• 157. NARESH SUKHANI@gmail.com (iii) Transactional Leader’s Vs Transformational Leader: Transactional Leader: Leaders who guide or motive their followers in the direction of established goals by classifying role and taste requirements. Characteristics:  Contingent Reward: Contracts exchange of rewards for effort, promises rewards for good performance, recognizes accomplishments.  Management by Exception (active): Watches & searches for deviations from rules and standards, takes collective action.  Management by Exception (passive) Intervenes only of standards are not met  Ldissy- faire: Abdicates responsibilities, avoid making decisions. iv) Life Cycle Theory: The Hussy and Blanchard life cycle theory of leadership contents that the most effective leadership style depends on the maturity of subordinates. The theory defines maturity, not as age or emotional stability, but as a desire for achievement a willingness to accept responsibility and task-related experience and ability. The appropriate leadership style is described by a prescriptive curve that follows the association between superior and subordinates through a ‘life cycle’ at four phases: a) Telling b) Selling c) Participating d) Delegating a) Telling: In the initial phase of the life cycle, when subordinates first enter the work group, the manager uses a telling leadership style, as subordinates must be instructed in their tasks and working environment. During this introductory stage, the manager must assume responsibility for subordinates, because workers at this level cannot take responsibility and have not matured enough emotionally to want responsibility. b) Selling: At the second level of workers, maturity managers tend to use selling leadership, style of support, by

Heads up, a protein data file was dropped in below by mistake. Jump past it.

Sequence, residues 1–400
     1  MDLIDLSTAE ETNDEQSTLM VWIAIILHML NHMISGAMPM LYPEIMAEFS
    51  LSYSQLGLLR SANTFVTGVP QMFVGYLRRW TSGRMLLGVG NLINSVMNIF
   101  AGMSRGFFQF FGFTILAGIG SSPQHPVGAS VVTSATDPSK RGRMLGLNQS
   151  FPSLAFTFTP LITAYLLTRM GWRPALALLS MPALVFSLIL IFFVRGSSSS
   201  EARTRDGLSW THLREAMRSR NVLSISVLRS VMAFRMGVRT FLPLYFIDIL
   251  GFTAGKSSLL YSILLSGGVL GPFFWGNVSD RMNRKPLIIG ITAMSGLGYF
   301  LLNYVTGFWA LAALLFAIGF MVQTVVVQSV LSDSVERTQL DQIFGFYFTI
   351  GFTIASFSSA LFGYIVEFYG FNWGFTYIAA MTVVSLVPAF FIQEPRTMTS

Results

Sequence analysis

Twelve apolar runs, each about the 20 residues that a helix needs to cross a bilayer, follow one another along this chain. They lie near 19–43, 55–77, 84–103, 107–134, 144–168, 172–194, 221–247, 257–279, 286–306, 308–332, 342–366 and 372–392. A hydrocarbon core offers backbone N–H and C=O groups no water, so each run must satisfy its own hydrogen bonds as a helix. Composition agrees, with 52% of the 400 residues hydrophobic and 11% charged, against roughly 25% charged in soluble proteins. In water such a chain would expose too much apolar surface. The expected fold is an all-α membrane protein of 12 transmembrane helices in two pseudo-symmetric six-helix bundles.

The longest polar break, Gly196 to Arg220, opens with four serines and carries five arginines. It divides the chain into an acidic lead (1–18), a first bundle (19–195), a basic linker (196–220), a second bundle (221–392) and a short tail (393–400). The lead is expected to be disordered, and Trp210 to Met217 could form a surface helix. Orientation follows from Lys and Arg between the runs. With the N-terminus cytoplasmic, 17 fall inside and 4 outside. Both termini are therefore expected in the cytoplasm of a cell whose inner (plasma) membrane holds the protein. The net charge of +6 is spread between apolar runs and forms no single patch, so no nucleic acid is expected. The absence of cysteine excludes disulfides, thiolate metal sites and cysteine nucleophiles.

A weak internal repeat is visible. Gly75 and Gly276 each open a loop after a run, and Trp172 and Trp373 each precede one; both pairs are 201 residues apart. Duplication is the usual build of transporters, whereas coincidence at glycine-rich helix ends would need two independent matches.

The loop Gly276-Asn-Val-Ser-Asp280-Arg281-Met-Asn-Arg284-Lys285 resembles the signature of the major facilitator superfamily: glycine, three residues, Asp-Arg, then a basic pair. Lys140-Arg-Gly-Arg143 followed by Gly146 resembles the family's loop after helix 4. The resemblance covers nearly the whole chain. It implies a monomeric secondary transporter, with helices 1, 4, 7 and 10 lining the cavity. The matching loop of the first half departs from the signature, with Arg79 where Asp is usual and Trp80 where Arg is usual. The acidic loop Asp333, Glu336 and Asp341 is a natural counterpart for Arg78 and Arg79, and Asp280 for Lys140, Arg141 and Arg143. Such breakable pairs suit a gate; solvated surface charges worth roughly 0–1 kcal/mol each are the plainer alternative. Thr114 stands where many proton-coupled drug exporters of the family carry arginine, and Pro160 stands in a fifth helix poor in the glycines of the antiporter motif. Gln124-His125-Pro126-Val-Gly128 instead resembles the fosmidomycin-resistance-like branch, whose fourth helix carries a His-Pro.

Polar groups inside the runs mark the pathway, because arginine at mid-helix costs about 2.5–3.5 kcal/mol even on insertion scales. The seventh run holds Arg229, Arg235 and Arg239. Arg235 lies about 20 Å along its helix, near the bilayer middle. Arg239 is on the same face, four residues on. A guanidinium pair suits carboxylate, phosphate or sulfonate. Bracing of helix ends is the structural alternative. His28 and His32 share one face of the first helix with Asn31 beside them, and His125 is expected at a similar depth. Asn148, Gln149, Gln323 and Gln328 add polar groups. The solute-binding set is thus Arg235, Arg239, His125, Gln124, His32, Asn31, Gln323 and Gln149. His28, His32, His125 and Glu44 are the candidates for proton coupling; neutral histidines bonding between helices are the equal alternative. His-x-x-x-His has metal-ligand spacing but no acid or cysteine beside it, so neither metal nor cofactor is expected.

• 158. NARESH SUKHANI@gmail.com direction in an effort to get workers to ‘buy into’ the desired performance level. Often subordinates at this level of maturity are willing but unable to assure responsibility for their own work behavior. c) Participating: The leader and follower share in decision making with the main role of the leader being facilitating and communicating. d) Delegating: The leader provides little direction or support. 5.3.3 The Most Recent Approaches to Leadership There are an attribution theory of leadership. Charismatic leadership, transactional versus transformational leadership and visionary leadership. Transformational Leaders: Leaders who provide individualized consideration and intellectual stimulation and who posses Charisma. Characteristics:  Charisma  Inspiration  Intellectual Stimulation  Individualized Consideration iv) Visionary Leadership The ability to create and articulate a realistic, credible, attractive vision of the future for an organization or organizational unit that grows our of improves upon the present. This vision of property selected and implemented in so energizing that it “in effecting starts the future by calling forth the skills talents, and resources to make it happen.” Leadership profile for the next century: 1. First and foremost of the next century need to radically change their mindset because the leadership traits and qualities which were very important till now may not stand the test of time in the years to come. In keeping with changing times it is improvement that leaders develop their adaptive capabilities. 2. For a leader to be successful, integrity of character the most important attribute. As a former head of New York Stock Exchange once said “The public may be wiling to forgive us for the mistake in judgment, but it will not forgive us for the mistakes in motive.” According to Joseph Badaracco & Richard Ellsworth (1989) “Leadership in a world of dilemmas is not fundamentally, a matter of style, charisma or professional management techniques. In is s difficult daily quest for integrity Commitment to leadership through integrity can help managers through the inevitable periods of anxiety, doubt, and trial, and give them a sense of priorities to guide them through an uncertain world”. 3. Leaders should have a clear ‘vision’ of how things should be. They should also be able to communicate the vision becomes a shared vision and everybody willingly contributes towards fulfilling the vision. 4. A leader’s credibility should be based on the six criteria, also known as the six C’s Conviction,